In his discussion of coherence, Davies attributes to Gödel (whose given name Davies consistently misspells as "Curt"), a perfectly preposterous proof, viz. "that all mathematical-logical systems will eventually generate paradox" (p. 185). He then continues: "The consequence of the truth of this theorem is that coherence must be broadened sufficiently to include it [i.e. paradox]. It is to be noted, also, that paradox differs from inconsistency because it is a special situation in which a proposition is both true and false. The fact that a system may generate paradox does not, however, mean that inconsistency is accepted into a system as a general rule. Paradox is an exception to the rule. It appears to be the case that, in a complete system, even paradox coheres" (pp. 185-6). I am sure that this quotation does not itself cohere [sic].

     Jumping ahead to the 'ontological' theory of truth, we read: "The ontological theory provides a theory by which literary expression can be related to truth. Heidegger believes that truth is 'the unveiling of being'. Using this belief, it is possible to understand literary thinking as making possible such an unveiling through analogy, metaphor, myth and symbol" (p. 187). I wonder, will beginning students in critical thinking – the intended audience – be able to make sense of this? I doubt it.

     Chapter eight is devoted to dialogical thinking, a topic which has occupied other writers, e.g. Walton, much in recent years and whose writings are far more penetrating and illuminating.

     Chapters nine and ten are, finally, given over to arguing that attention should be paid to 'other modes' of reasoning: the aforementioned lateral, literary, meditative, and metaphysical. If there were any merit to be found in this book, it would have to be in these last two chapters.

     Not surprisingly these latter chapters are of no better quality than their predecessors. Chapter nine suffers from a complete ignoring of the difference between the context of discovery and the context of justification. Few, if any, other authors nowadays present the fare of standard informal logic textbooks as canons of discovery, and to extol the (supposed) creative virtues of 'lateral' thinking, etc. in contrast to what Davies calls 'linear' thinking, is to egregiously misrepresent the claims made on behalf of the latter.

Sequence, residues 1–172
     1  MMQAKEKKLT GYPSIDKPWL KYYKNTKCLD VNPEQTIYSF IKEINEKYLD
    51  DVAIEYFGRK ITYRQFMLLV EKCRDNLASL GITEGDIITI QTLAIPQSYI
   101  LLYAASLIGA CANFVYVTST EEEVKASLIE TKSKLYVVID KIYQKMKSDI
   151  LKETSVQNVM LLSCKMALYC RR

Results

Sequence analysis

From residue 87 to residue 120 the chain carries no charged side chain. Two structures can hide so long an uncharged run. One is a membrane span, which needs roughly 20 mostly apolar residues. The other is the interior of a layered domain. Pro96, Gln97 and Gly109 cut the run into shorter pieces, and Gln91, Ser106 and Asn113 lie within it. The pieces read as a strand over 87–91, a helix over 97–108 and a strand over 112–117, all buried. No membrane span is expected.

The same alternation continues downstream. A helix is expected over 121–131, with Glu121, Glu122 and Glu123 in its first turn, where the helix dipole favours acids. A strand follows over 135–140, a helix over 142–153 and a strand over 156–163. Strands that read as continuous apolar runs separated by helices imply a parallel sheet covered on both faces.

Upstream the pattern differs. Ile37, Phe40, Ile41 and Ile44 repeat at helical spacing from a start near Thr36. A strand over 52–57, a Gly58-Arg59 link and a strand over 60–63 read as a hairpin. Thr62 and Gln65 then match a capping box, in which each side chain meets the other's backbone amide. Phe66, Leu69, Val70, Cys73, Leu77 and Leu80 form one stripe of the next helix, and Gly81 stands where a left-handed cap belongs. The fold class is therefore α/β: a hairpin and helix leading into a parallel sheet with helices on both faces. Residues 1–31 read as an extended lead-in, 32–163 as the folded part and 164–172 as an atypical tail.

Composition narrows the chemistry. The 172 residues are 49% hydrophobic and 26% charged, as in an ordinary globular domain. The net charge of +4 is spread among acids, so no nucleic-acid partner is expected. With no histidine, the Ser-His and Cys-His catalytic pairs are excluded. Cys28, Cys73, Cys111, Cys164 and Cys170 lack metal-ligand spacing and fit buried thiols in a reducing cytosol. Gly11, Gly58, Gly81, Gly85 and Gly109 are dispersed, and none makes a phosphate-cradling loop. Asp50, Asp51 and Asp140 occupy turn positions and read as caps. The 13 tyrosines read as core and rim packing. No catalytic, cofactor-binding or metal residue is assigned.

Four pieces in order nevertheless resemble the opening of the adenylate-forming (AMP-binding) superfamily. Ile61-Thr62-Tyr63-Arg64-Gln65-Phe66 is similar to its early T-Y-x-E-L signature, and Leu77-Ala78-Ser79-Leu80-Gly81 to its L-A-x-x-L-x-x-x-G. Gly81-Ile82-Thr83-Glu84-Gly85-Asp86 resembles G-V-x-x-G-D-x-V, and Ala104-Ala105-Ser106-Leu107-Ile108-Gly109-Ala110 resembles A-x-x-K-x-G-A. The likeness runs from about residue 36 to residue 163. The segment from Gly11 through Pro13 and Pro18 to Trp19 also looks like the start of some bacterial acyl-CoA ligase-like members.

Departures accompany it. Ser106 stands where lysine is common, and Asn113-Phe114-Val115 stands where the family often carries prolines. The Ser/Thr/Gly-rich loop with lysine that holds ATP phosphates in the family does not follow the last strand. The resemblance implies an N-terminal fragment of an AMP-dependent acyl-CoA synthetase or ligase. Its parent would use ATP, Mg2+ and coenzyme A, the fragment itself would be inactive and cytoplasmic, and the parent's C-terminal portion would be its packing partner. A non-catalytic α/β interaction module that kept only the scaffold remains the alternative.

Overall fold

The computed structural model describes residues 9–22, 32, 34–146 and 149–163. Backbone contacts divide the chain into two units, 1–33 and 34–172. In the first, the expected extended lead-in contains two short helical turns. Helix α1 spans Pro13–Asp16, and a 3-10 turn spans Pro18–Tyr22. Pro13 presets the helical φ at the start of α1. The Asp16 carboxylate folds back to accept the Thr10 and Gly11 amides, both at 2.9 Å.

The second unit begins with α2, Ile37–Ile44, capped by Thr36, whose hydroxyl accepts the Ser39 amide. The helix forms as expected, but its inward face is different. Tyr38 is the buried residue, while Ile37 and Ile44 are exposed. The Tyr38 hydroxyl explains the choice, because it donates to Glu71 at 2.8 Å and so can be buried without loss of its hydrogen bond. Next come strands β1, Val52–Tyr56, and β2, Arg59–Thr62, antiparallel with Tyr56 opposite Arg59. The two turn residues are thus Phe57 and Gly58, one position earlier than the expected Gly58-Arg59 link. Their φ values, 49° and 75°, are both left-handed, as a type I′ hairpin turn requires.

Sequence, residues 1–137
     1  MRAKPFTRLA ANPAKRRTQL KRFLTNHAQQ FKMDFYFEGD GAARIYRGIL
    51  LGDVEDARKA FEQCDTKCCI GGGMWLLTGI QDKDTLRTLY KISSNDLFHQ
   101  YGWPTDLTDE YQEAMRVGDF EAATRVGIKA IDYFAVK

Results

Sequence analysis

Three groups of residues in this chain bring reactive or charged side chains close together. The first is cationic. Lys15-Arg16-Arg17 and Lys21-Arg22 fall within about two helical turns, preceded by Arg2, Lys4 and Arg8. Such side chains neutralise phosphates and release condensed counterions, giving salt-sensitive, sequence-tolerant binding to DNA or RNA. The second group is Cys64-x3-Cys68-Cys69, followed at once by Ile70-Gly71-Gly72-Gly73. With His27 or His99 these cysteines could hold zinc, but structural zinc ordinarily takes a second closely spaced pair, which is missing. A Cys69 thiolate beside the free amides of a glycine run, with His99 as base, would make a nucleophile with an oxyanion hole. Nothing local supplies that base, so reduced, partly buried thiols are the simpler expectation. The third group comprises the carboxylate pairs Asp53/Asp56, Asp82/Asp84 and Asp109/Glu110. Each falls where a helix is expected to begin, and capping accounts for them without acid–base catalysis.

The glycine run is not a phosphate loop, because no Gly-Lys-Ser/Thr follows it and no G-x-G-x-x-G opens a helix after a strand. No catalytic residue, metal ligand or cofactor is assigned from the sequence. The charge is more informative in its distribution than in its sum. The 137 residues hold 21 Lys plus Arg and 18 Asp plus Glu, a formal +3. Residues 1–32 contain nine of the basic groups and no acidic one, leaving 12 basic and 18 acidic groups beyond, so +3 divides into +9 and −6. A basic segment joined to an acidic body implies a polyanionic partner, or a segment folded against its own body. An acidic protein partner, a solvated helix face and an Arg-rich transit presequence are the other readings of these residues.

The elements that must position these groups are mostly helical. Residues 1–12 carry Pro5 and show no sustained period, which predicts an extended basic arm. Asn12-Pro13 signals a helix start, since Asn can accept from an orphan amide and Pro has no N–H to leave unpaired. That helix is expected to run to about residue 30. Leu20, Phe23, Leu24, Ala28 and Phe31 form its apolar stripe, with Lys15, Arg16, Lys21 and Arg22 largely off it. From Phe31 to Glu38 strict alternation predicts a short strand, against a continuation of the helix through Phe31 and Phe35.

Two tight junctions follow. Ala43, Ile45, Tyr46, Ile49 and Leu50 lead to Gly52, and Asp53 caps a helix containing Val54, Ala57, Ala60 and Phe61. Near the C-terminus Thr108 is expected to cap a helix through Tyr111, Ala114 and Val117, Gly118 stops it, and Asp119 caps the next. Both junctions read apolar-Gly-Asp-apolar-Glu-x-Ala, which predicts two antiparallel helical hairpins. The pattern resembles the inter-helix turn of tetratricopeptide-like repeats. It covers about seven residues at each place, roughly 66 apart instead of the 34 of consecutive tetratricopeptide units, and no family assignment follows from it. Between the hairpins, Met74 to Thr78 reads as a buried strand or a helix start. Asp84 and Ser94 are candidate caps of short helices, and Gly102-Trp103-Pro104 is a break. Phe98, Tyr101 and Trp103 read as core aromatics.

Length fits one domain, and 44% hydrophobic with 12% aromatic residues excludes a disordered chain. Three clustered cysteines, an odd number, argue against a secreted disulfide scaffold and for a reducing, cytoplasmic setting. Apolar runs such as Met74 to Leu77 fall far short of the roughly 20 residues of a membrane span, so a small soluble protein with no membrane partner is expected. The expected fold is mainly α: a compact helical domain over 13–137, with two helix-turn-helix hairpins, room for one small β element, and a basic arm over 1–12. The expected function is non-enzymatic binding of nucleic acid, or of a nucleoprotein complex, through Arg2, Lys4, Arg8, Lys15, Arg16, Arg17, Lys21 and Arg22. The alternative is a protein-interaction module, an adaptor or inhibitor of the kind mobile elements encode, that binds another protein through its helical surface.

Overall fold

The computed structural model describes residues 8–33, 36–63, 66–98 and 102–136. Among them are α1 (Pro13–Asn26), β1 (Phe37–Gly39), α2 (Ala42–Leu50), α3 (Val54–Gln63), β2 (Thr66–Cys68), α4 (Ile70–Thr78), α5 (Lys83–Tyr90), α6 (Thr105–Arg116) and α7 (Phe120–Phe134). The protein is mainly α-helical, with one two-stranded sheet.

No one who has read Popper on falsifiability could ever seriously advance the inane argument Davies does on page 223. There, Davies is trying to commend the technique of 'free association'. In a reportedly actual case (no reference given), someone 'free associates' on the word "air". The first few words, we are told, have 'obvious' connections to "air", but then succeeding words – viz. "artery", "fair", and "art" – seem not to. But Davies has no trouble finding the (supposed) connection: "There is, initially, no apparent connection but, on reflection, it is noted that arteries carry oxygen, a vital component of air" (p. 223). Davies needs to read Popper's critique of Adler: "What, I asked myself, did it confirm? No more than that a case could be interpreted in the light of the theory. But this meant very little, I reflected, since every conceivable case could be interpreted in the light of Adler's theory…"[Note 6] Like Adler, Davies ingenuously believes that the impossibility of disconfirmation is powerful support for a theory. He then continues: "Everything is related rationally to everything else, so that, however disparate any two things may appear to be, they turn out to be related. … The idea here is that a (rational) relationship can be discovered between any two entities whatsoever. … If everything is somehow related to everything else, lateral thinking is not necessarily unrelated, in some way, to what you are reasoning about no matter how remote or unconnected it may appear to be. If this is so, lateral thinking is an essential and powerful catalyst to thinking" (pp. 224-5). I will not even attempt to catalog the cascade of blunders in this passage.